In the battle that followed, Judah’s army never lifted a sword as the Lord sent ambushments against the three enemy nations, who ended up fighting each other.

But does this verse apply to today’s prophets?

I don’t believe it does.

The prophets in the Old Testament had an incredible burden to bear. They had to be 100% correct, 100% of the time. They could not make a single mistake. One inaccurate prophecy, and they were done (Deuteronomy 18:22) and if the Jews thought they were intentionally leading people astray, they were labelled false prophets and stoned.

There were huge risks associated with being a prophet in the Old Testament. You didn’t enter this ministry lightly. It was serious business.

With every prophetic word he delivered, Jahaziel’s ministry and reputation was on the line. He was only as good as his last prophecy. But he had a proven track record and learned how to separate his own personal opinions and feelings from God’s prophetic voice.

This is why King Jehoshaphat trusted him.

And this is also why I have a problem with modern prophets citing this verse while believing they can make mistakes. They are not being held to the same standard as Jahaziel, but are claiming the same authority and anointing.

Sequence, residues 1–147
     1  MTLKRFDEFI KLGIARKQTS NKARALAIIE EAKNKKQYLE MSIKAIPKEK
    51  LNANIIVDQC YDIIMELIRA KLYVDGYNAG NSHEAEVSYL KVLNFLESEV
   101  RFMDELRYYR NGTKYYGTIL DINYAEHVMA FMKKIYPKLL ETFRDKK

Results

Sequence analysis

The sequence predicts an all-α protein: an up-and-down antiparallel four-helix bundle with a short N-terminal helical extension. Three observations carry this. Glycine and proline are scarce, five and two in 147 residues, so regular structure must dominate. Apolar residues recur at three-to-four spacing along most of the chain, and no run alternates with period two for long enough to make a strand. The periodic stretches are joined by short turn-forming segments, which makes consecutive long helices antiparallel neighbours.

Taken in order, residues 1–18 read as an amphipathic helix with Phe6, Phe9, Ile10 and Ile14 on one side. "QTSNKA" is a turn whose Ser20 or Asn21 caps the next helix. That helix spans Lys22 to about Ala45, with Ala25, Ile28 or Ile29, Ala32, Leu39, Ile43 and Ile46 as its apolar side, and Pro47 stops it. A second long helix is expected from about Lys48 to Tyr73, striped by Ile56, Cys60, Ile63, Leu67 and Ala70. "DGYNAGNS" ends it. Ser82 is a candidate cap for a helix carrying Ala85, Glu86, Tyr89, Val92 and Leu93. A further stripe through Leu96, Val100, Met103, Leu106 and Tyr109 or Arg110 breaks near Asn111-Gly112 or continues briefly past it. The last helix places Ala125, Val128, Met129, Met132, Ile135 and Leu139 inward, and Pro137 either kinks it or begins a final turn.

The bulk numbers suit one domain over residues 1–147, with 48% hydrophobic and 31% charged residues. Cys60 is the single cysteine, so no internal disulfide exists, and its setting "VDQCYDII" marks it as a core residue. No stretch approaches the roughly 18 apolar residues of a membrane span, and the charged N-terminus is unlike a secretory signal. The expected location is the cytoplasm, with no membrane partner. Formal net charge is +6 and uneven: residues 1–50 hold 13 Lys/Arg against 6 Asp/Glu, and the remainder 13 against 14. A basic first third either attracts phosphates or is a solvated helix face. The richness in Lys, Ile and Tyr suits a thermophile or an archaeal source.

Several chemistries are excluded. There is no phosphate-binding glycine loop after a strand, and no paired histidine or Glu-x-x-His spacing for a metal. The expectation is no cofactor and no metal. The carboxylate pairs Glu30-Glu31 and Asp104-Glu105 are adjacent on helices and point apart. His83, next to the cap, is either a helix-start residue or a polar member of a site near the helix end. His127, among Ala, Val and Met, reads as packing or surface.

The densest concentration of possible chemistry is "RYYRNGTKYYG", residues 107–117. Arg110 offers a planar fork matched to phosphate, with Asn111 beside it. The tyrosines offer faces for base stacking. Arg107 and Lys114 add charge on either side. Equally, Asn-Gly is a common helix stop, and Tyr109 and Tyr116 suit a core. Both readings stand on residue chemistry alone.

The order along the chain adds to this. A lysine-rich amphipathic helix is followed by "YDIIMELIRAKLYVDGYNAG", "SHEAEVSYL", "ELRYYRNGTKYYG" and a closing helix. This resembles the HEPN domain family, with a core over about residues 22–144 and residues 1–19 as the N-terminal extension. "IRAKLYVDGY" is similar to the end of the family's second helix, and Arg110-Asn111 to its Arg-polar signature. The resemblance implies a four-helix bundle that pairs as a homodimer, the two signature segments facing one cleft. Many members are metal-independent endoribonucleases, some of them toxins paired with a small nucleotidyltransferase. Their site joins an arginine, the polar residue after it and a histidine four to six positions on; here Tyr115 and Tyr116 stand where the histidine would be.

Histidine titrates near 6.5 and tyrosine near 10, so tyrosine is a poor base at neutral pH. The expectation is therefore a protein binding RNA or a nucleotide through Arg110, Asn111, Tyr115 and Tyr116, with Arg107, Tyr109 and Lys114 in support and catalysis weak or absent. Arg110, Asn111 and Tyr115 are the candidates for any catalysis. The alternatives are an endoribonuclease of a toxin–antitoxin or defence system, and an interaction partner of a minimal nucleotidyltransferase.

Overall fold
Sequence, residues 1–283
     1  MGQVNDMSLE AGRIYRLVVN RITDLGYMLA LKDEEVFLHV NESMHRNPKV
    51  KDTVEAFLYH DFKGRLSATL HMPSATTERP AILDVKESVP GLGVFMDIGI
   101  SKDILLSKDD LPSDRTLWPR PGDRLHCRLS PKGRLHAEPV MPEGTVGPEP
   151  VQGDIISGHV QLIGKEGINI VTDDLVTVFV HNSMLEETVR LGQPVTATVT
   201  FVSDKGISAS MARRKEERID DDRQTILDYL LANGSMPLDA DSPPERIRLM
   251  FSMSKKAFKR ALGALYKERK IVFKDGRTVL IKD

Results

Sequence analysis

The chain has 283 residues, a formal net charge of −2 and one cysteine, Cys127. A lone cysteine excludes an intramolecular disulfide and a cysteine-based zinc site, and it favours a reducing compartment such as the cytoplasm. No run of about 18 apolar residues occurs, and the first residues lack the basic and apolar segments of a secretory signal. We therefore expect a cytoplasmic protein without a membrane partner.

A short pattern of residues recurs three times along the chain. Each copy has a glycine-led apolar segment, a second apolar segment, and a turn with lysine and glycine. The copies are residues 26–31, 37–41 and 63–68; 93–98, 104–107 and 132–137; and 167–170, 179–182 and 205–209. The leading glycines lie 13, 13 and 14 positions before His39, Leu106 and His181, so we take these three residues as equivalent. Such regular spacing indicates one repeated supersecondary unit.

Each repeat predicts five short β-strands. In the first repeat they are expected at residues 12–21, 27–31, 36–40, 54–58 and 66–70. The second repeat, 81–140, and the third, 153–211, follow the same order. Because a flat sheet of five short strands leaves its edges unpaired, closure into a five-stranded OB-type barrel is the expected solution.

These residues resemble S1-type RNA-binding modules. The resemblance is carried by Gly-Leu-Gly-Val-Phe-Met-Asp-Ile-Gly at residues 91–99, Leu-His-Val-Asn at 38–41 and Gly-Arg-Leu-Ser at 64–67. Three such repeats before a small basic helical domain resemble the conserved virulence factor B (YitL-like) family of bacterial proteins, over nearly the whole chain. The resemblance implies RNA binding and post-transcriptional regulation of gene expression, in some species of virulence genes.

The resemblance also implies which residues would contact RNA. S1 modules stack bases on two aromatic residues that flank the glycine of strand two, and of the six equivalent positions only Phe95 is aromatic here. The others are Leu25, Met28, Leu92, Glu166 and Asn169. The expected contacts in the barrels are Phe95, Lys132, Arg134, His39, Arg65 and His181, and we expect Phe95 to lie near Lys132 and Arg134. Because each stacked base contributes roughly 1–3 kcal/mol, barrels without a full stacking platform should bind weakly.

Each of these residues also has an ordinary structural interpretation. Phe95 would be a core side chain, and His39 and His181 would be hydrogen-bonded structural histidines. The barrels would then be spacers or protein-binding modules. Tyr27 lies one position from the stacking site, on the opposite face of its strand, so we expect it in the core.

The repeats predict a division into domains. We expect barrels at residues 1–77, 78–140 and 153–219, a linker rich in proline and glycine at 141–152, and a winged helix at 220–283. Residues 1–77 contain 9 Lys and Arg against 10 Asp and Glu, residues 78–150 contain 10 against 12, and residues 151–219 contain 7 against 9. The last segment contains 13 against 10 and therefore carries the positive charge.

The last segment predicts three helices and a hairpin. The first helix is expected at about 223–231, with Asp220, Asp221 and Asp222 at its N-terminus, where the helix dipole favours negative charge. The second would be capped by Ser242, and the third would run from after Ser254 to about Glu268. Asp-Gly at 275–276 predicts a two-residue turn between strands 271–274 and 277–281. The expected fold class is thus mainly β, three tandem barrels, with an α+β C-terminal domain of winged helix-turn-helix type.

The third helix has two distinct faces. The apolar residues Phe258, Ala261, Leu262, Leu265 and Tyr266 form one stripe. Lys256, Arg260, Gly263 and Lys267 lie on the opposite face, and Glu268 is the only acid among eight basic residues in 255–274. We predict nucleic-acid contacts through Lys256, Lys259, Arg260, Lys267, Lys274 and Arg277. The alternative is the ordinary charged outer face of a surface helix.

When they cite this verse, they are using his reputation as a 100% accurate prophet to prop up their prophetic ministry. They are hijacking Jahaziel’s accuracy and claiming it as their own.

God’s word tells us to believe the prophets. But this verse does not tell us to believe false prophecies, nor is it telling us to believe the false prophets. Nor is referring to prophets who are right seven times out of 10, because there would always be a lingering doubt on whether their latest prophetic word was accurate or not.

Perhaps, what we see unfolding today in the prophetic movement will bring a much-needed reform and added clarity to who are true prophets.

There is a difference between the office of a prophet and a person with the gift of prophecy, both in accuracy, calling and authority.

More in this series:

Disturbing reaction to Jeremiah Johnson’s apology on Trump prophecy